How to feel good even when you feel bad.
Published on Elephant Journal website, July 23, 2015. 1.3K views
I am not sure where to begin.
I was not raised in the church—quite the opposite. I think I went to church with my immediate family exactly once, in the 7th or 8th grade. I was part of a ceremony for the Honor Roll, or National Honors Society, or the Girl Scouts, or something. It was great, I think.
More than 20 years later me and church have had some more encounters, most of them hostile, judgmental, homophobic, racist, preachy, intolerant of other faiths and generally terrifying. I was wondering where God was in such a restrictive environment. I thought I read somewhere that God is Love.
My steps towards a spiritual path came from an honest look at myself, who I was, who I wanted to be, and the vast difference between those two reflections. Part of me innately believed in the power of forgiveness, faith, unconditional love, universal truth and the abundance of joy to be found everywhere in our everyday lives. This part of me desperately wanted to act on these beliefs, to live as I thought and felt.
It seemed much was in my way. The other part of me clung hard to decades of built-up resentment, frustration, loneliness, fear, grief and sadness. Some days hurt and confusion took center stage. Other days it was regret, judgment, anger and pressure. The worst of all is pride and envy. I would watch myself as I numbed out my feelings in various fun but ultimately destructive ways. I was desperately missing the love and connection from people in my life: dead (a few), absent (a bunch) or distant (varies). At times I resembled a vampire, sucking the life out of people who offered me attention, excited to have someone who might want to spend time with me, see me—really see me—and most of all, not leave.
I can’t recall exactly what changed; I think I just got tired. I was tired of feeling alone, tired from apologies and regrets, exhausted at my inner double life. I was tired of wondering how to access this spiritual side that was begging to be recognized, honored and nurtured.
It was very hard for me to disengage from my anger. I had to allow myself to feel my most intense pain—grief of missing loved ones. I stopped asking why and learned acceptance of reality. I read feverishly. I exercised, practiced yoga, got great therapy, cried, felt guilty for crying and eventually let that pain go too.
One day I looked up and I was okay! I felt my pain and it didn’t destroy me. That blew my mind, because I thought if I faced my feelings they would swallow me raw and spit me out mangled, slimy and well…dead. Devoid of life. Used up. Bled dry. And honestly, falling into the pit of feelings is scary as sh*t—but you don’t stay there unless you want to.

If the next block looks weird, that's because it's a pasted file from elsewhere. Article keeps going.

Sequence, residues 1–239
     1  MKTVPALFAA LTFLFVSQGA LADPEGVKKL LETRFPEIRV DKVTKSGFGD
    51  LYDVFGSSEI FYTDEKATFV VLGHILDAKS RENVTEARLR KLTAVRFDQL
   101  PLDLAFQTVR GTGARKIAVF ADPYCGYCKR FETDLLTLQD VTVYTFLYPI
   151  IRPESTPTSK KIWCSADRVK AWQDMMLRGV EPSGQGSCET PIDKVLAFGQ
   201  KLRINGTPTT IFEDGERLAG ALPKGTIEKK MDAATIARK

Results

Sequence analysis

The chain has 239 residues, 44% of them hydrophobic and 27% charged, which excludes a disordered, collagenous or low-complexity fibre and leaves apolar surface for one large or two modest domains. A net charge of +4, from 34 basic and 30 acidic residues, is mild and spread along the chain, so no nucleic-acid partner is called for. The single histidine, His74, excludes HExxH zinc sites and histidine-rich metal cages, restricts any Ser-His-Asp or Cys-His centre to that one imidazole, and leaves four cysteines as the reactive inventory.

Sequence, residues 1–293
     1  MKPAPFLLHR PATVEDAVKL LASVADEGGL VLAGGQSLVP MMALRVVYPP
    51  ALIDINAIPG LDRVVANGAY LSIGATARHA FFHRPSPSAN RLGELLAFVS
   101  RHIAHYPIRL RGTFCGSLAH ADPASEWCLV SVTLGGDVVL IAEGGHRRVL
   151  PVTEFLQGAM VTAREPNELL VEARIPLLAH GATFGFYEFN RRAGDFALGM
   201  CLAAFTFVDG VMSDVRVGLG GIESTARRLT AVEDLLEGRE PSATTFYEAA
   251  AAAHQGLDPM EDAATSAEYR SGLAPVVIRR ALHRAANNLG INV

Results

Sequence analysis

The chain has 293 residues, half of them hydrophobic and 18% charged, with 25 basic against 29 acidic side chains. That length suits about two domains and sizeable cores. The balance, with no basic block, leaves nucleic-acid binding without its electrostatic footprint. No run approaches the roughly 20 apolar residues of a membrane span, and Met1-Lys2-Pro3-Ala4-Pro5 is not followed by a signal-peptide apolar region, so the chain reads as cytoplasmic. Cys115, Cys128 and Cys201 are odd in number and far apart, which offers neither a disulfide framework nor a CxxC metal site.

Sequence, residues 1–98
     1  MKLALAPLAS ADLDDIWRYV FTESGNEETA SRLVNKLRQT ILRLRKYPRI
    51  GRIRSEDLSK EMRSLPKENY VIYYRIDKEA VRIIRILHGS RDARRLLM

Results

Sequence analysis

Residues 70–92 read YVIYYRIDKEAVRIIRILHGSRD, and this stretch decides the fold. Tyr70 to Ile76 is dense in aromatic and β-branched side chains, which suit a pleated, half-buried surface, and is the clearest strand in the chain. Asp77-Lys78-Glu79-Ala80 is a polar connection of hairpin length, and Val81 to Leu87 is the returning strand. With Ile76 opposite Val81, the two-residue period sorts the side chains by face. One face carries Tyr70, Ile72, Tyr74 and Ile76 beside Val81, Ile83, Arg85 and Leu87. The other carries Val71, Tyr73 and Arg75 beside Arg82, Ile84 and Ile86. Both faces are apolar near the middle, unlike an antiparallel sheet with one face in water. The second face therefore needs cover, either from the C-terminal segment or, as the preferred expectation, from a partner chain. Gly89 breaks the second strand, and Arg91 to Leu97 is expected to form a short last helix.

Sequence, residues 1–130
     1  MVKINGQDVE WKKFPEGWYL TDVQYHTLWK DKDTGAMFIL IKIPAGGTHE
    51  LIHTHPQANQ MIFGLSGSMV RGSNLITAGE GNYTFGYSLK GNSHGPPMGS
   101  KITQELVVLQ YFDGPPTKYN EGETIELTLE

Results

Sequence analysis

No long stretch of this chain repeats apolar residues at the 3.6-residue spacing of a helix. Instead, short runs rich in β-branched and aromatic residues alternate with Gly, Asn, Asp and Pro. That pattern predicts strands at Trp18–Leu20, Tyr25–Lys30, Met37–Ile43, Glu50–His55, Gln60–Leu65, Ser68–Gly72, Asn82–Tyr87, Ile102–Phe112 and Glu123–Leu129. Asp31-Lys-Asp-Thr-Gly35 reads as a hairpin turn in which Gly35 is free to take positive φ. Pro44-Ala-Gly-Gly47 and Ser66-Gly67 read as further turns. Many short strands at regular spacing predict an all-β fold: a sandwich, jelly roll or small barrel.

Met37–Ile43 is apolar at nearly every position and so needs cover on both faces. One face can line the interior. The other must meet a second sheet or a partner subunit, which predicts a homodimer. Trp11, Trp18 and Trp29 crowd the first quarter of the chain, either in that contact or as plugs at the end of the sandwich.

I still had no real working concept of God, mercy, self-love, patience and generosity, but now I was in position to learn. I read In the Meantime by Iyanla Van Zant three times. I did the work to be honest, loving and forgiving. I stopped thinking so much about what others had, and began to see the fullness of my own life. I saw that I was my own biggest enemy and my own best friend. I was powerful in those roles. I could choose the energy, direction and intention of my actions, thoughts and relationships.
Things shifted. I was let go from my high level position. I graciously thanked my manager for everything she taught me and sailed towards my next adventure, which, turns out, was a much better fit. Instead of being angry I was grateful, eager. I stopped blaming others and took accountability for myself. I watched how I spoke to myself and others. I chose loving messages and felt loved in return. I smiled more and felt lighter. I worked on myself in this way for several years. God still hadn’t shown up but I was getting closer.
Then I read Eat Pray Love by Elizabeth Gilbert. And honestly, I was like “Whatever—there is no way some rich white lady can tell me how to get myself right.” So—spoiler alert—I read it twice, cried a ton, and immediately wrote about the infinite nature of love, letting go, meeting God and meeting you.
At some point, a friend mentioned church. And I was like church, interesting. I had only known church as a hateful, scary place. I grilled her: Is it homophobic, racist, sexist, intolerant? No, no, no and no. Are you sure? Yes. I went. Magic didn’t happen right away. I was a little intimidated and very shy. But I liked the sermon and the singing was terrific. I continued to go.
Slowly it dawned on me. Everyone was there to get healed, to feel Love! I started to understand that we were all in a place to receive love from a source of infinite abundance and overflow. You can get so full from God’s love! You literally get so full you just have to be more loving to other people. It’s too much to keep to yourself!
Recently I was reflecting on how much things had changed for me, and how grateful I was for the presence of God and love and joy. I thanked God out loud. And the voice I heard reply said, “You’re welcome. Now don’t be mad when some bad sh*t happens.”
Laughing, I was like, “I won’t!” That’s how I met God. I walked a long road, basically showed up at his house, asked to be let inside, and never left. That’s how I learned to feel good, even when I feel bad.
Author: Melinda Abbott
Editor: Travis May